Imago resting on the wicker–
I thought him a leaf until he
flickered and showed his true self.

Borning or dying? Two weeks he lives;
Red cherry-stained wings forgive
His dark Instar larval past

when he thieved oak and wild cherry leaves.
Io carries proof of redemption–
the universe on his wings.

The Visitor

Just a few weeks ago I mentioned the opossum who knocked on our front door in the middle of the night. I didn’t get a snapshot of the possum, but I did get one of our latest front door visitor.

Chelydra Serpentina

Surprised? We certainly were. Just for the record, the closest body of water to the cottage is a very small ephemeral spring pond covered in green slime, even in the spring, about 600 yards down the hill. Through brush, briars, and scrubby bushes, which, in all likelihood matters not to a turtle. But still, it seems very far away.

She spent the day in the yard, as Mr. H.C. said, Just chillin’. I thought perhaps she’d been hit by a car; her shell didn’t look all that new or shiny. There were actually quite a few knicks and dents, but neither of us tried to get too close. We made sure the cat spent the day inside.

Then as we were eating dinner, she thought to come a little closer. Perhaps she liked the smell of cooked chicken? Mr. H.C. threw her some apple slices, which she disdained. We left by the door on the other side of the yard, and when we returned two hours later, she was gone.

We don’t really know that she was a she-turtle; however, our research implied that female snapping turtles range far and wide from mid-May to mid-June looking for suitable egg-laying spots. Wikipedia says it is quite common to find them far away from water — the females especially are looking for a sandy spot for easy digging. Sadly, she is also far away from any sandy soil here in the land of Greene County clay. Perhaps if she finds that little watering hole, the woodsy litter around it will be good for depositing a clutch of snapping turtle eggs.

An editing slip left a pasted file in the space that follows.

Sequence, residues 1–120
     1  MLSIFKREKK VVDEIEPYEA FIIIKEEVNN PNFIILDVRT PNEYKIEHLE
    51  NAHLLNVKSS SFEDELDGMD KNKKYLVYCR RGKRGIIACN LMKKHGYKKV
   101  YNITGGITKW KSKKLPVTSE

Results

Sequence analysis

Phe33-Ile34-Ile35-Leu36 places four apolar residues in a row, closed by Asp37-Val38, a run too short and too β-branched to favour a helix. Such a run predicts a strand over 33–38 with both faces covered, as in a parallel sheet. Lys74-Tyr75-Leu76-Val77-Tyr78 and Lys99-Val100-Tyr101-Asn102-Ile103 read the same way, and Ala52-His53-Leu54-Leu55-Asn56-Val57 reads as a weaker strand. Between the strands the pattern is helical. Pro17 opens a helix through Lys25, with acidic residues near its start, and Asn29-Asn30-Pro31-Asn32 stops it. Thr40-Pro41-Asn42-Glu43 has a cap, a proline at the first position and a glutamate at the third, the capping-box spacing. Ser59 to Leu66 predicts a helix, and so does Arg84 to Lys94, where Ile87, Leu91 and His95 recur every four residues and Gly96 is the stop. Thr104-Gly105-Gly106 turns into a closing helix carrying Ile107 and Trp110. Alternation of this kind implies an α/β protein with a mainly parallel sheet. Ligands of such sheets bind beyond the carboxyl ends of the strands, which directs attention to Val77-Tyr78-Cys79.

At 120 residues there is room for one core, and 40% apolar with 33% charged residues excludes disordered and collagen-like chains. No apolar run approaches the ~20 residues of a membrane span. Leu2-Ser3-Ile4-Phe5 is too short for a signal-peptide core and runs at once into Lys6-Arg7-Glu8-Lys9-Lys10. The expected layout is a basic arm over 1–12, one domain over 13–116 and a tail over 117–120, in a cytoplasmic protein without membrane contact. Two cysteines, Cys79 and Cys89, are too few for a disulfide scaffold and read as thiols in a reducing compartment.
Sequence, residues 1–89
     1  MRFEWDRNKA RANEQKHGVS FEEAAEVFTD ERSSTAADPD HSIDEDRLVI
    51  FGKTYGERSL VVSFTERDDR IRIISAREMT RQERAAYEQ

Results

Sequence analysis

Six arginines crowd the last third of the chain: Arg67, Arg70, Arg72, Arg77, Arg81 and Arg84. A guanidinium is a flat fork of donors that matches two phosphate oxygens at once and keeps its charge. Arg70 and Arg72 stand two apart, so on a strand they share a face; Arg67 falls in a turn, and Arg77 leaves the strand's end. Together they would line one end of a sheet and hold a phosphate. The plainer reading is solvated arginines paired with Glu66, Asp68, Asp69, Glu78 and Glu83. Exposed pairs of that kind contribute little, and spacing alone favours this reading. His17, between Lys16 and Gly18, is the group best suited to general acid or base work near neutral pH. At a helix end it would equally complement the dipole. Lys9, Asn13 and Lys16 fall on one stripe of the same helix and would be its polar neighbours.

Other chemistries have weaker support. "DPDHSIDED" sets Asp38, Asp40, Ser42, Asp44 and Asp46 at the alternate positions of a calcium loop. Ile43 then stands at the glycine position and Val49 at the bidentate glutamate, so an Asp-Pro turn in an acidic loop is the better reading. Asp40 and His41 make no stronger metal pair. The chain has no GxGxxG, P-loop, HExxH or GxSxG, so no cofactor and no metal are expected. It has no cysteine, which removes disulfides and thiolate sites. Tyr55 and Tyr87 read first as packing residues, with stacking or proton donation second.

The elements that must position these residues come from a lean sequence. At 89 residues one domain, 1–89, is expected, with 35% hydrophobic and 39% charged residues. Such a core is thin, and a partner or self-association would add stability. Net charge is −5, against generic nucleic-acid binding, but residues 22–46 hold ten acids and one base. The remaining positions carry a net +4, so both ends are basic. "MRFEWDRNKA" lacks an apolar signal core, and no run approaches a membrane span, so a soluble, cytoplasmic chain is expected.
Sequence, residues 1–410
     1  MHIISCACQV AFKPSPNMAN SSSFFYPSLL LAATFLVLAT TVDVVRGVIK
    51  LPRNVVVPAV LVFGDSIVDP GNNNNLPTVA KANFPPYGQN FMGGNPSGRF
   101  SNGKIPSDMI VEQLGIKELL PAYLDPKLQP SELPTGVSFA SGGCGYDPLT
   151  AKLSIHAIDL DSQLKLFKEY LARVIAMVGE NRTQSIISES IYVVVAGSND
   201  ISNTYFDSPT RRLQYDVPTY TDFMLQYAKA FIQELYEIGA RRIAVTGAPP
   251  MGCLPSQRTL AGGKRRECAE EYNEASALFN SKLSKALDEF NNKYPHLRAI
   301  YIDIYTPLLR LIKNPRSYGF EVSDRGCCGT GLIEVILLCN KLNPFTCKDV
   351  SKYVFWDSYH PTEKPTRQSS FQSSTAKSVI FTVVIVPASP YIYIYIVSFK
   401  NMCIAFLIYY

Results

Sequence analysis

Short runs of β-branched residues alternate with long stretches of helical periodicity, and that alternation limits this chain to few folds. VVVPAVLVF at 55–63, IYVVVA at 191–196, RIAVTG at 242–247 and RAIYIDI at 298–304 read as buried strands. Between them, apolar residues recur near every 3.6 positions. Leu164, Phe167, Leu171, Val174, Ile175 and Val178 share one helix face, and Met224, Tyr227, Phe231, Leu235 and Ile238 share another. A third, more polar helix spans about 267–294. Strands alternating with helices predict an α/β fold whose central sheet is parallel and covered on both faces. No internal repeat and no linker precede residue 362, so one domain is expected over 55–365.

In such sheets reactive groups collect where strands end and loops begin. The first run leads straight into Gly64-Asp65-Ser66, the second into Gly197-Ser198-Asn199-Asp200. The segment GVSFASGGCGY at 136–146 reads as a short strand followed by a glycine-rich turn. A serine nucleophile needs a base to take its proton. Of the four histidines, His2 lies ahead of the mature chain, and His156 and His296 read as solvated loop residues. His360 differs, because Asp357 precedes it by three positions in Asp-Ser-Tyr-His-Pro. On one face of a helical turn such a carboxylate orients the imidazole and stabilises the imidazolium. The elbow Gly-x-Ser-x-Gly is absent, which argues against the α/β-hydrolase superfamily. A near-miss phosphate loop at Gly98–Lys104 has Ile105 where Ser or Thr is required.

There’s a wonderful African Anansi story (Anansi and the Turtle) which I used to tell to during story times: Turtle came to eat at Anansi’s house and he wouldn’t let her in because her feet were muddy. So she lumbered down to the stream to wash them, but by the time she got back to Anansi’s house her feet were muddy again. Yes, her feet definitely don’t look clean enough to come in the house. Hmmm… this sounds like it might be a story post with photos for some other time….

The Catalpa Forest

the catalpa tree in the side yard
catalpa tree and sunset
A late bloomer,
She wears lace in June
on her sunlit green dress

Luxuriously, she gives with abandon all she has —
blossoms, twigs, branches, seeds, leaves…

The birds and the wind
deposit her bean pod necklaces
far away at the grassy edge of the hillside. 

Every spring there is a new little tree.
Or three.
The catalpa forest grows
and the wind is sweet with the orchid blooms.

Her waist is not small nor dainty,
Eleven feet around,
No arms could encircle her.

Green lichen covers her bark,
And winter shows her true form
of gnarled, aged branches.

Birds and bees love her,
and so does the hammock.

The view is unforgettable
on a June Sunday afternoon.
Birdsong and breeze and the billowy green
bring gentle rest to the needy soul.

Reblogged this from June a couple of years ago….